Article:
Placing Regulation at the service of Innovation in the EU: Ecommerce Europe attended the #Regulation4Innovation Conference 2017


“Europe used to be a driving force for innovation in the past, and it now has the opportunity to lead the way once again with the proper regulatory framework.” That was one of the conclusions of the second edition of the #Regulation4Innovation conference organized by MEP Eva Maydell and the EPP Group on 29 November that Ecommerce Europe attended. This high-level event is part of a continued dialogue between policy-makers and stakeholders in search for a well-fitted regulation in support of innovation.

The first panel on “Europe on its way to a global hub for digital innovation” was opened by Commissioner Modeas who stressed that the European Union had the opportunity to lead the third phase of digital innovation if policy-makers and stakeholders cooperate to define the best regulatory framework possible for innovation to prosper. Both Alexander de Croo, Deputy Prime minister and Minister for the Digital Agenda, and Pastora Valero, Vice-president, Public Policy and Government affairs at Cisco, agreed that there were necessary pre-conditions, including better cooperation between the public and private sphere, as well as investment in digital skills. Companies in Europe have already started to suffer from the lack of skilled workers due to a serious mismatch of skills and the lack of proper digital education. As a result, public authorities need to follow the lead of flourishing startups and company-led projects and invest intensively in developing those skills.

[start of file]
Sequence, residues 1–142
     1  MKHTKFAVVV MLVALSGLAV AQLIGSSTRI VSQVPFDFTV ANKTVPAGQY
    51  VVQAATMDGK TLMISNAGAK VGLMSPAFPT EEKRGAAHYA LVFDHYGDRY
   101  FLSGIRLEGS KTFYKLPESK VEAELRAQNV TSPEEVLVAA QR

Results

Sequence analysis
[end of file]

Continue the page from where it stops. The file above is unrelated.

According to Alexander de Croo, the European decision-making processes should comply with this new reality through faster adoption, better monitoring of the progress and a steering role for public authorities, in cooperation with private actors. The conclusion of the discussion was that through a continuous dialogue between the public and the private sectors, the institutions will be able to create an ecosystem that will properly balance fostering innovation and protecting citizens and consumers.

The second panel, “Data-fueled economy in the age of AI”, focused on the relevance of innovation in the development of Artificial Intelligence. The industry is particularly optimistic regarding the current and future application of AI, which ranges from improved customer experience to more accessibility for people with disabilities. However, according to Paul Nemitz, Principal advisor at DG Just, considering the lack of trust in Artificial Intelligence, and the potential new legal issues that will arise in the near future, governments and institutions like the European Commission should legislate to accompany and set the boundaries of such innovations. To this end, the European Commission is expected to publish a Communication on Artificial Intelligence in April 2018.